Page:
Lenders need to see that you have funds that are easily accessible in a bank account, 401K, or some other liquid asset account to cover the down payment, closing costs and reserves. Reserves are funds that you may need to have after closing on the home and it assures lenders that you will be able to continue making payments on your loan in the event of an income loss.
While this is not mandatory, it does help to know or have an idea of who you will refer to during the different stages of the home buying process. For example, most home shoppers have a realtor but no loan officer. Although a vast majority of realtors have a preferred lender/loan officer, ultimately you have the final say in who you choose as a lender/loan officer. Here is a list of some vital advisors you will need during the homebuying process:
The mortgage loan officer’s role is to help you navigate the home buying process. Your loan officer will help you apply for a mortgage loan with the lender and will issue a pre-approval. They will collect income documentation, order the appraisal, submit the file to processing and underwriting and work with the attorney to prepare for closing.
Your realtor will help you find the perfect home for your needs, can offer information about the area the home is located in such as school zones, market appeal, etc. and they will help you to negotiate the contract. Realtors can also assist you with finding inspectors and ordering any inspections you may want to have done on the property.
The attorney provides legal representation and will be there on closing day to conduct the closing and go over all documents. They also conduct title searches on the home being purchased and can negotiate should a search uncover a problem.
A homeowner’s insurance agent is another valuable resource to have on your board of advisors during the home buying process. The homeowner’s insurance agent can give you an estimate of what it would cost to insure your house, provide different coverage options and advise on claims filed by previous owners of the property.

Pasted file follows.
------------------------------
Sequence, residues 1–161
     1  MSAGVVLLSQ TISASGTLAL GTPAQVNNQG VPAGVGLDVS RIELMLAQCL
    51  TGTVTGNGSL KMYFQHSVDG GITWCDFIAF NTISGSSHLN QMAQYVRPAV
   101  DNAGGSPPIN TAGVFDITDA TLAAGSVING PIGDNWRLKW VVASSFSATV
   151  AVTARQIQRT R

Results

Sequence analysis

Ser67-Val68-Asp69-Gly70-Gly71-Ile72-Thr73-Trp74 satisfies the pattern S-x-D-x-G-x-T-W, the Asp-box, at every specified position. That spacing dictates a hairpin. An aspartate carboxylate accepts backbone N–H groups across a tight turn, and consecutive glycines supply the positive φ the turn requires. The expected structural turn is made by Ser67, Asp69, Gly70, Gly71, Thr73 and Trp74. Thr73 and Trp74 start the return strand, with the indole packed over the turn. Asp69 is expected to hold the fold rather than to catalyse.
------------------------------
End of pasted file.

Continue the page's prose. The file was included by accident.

Having your documents prepared prior to meeting with a loan officer can speed up the closing process. Please refer to The Home Loan Process article for more information on the documents required for pre-approval. Some additional documents to submit once under contract to help speed up the closing are:
Once your file is with underwriting, the underwriter may request additional items. Be sure to get those items over in a timely manner –typically within 24 hours. The longer it takes to respond to those requests, the longer it delays closing. Underwriters have a certain amount of days they are allowed with a file so the sooner they receive the requested documents, the quicker they can process the file and ultimately approve for closing.
All of these changes could potentially impact your credit by increasing your debt-to-income ratio, which can result in a larger down payment, higher interest rate or potentially a loan denial.
Have additional questions about making your mortgage process a smooth one? Contact us today!